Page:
What's the point of giving subsidies to people so they can buy insurance that doesn't cover anything? Enjoy your last few years in office Max, you're done back home.

Posted by: BeavisfromMontana | September 8, 2009 2:41 PM | Report abuse

this is so funny watching, yes, socialist-minded positive-righters hem and haw over the amount of free insurance coverage the government is going to offer group A using group B's money, all while we are experiencing an unfolding debt crisis caused by the positive-righter's over-promising to the american people.

that said, if democrats cant refrain from sh!t-talking this bill from the left, then they need to find a new country: say france or holland.

Posted by: dummypants | September 8, 2009 2:41 PM | Report abuse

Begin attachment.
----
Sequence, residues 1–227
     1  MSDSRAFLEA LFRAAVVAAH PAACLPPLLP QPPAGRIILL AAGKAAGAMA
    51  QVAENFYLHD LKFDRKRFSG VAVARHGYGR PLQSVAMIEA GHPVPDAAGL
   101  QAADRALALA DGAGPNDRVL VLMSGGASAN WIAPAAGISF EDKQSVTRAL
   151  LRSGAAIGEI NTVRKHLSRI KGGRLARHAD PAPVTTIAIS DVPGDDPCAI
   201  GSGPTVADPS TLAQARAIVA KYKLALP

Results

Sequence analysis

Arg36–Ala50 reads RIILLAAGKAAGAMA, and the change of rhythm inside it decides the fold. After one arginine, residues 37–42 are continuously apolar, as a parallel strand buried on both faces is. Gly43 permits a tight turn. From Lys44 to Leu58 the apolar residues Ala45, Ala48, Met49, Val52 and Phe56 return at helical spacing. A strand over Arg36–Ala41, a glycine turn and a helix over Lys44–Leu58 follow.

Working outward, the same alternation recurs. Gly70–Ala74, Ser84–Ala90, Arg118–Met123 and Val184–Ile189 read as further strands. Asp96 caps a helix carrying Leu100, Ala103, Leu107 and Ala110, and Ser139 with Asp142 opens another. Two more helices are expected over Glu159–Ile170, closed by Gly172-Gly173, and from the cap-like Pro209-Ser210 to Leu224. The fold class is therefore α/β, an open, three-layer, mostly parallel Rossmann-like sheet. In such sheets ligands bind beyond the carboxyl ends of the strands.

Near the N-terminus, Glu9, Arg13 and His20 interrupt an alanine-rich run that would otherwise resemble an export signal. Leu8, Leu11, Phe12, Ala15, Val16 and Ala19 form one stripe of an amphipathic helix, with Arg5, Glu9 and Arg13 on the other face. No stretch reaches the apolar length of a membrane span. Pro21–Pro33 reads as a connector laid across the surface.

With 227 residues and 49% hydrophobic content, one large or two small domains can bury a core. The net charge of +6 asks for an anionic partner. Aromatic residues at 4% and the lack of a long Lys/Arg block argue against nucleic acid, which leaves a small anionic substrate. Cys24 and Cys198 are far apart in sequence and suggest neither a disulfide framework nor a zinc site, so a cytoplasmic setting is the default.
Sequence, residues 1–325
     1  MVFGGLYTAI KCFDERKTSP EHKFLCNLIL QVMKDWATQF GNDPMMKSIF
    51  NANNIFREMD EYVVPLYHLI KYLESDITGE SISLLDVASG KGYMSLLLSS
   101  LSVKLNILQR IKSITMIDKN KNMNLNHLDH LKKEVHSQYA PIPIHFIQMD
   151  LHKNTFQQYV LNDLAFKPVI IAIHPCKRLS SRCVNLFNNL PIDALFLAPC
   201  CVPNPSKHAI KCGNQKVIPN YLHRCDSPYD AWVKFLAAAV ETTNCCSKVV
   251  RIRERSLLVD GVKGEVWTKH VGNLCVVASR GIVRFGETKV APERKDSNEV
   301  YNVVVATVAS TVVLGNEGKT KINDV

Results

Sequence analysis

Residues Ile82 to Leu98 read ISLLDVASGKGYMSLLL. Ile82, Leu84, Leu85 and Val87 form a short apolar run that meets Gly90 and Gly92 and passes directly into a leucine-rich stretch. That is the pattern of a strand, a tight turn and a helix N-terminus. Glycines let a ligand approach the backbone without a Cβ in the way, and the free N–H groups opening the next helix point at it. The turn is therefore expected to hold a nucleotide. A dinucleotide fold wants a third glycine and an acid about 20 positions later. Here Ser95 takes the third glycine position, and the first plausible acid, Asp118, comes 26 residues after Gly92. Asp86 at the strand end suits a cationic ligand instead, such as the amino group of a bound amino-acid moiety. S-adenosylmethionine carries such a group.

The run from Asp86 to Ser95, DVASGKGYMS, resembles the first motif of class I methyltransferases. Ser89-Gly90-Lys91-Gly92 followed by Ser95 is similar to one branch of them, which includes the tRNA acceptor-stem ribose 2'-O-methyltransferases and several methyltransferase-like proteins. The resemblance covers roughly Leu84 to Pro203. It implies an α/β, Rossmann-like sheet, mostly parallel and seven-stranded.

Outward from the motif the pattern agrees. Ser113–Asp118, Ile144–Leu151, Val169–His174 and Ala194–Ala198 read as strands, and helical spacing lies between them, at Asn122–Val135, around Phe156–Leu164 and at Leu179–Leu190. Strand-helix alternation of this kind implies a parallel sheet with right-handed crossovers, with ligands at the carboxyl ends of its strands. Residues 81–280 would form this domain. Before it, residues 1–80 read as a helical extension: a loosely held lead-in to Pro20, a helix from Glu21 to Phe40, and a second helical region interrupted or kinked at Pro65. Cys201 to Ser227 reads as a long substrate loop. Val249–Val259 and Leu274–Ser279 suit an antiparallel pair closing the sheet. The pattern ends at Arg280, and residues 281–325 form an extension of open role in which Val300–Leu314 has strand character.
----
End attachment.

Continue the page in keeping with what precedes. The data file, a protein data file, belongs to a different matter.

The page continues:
>>>>>Enjoy your last few years in office Max, you're done back home.

Hopefully.
But we can't expect much more from Congress members who accept HUGE donations from the very industries and corporations tied to certain legislation.

Funny how Repubs scream "socialism" when taxpayers have spent BILLIONS bailing out corporations - and Congre$$ writes laws allowing pay-to-play.

Posted by: angie12106 | September 8, 2009 2:56 PM | Report abuse

This, my friends, is called nibbling around the edges of a problem and calling it reform. People in countries with guaranteed health insurance must read this and wonder why Americans cannot get it right. And, this bill is simply a huge boondoggle for the insurance industry. I will not be able to support Obama or the Democrats on this one. If this passes, true reform is DEAD for another generation.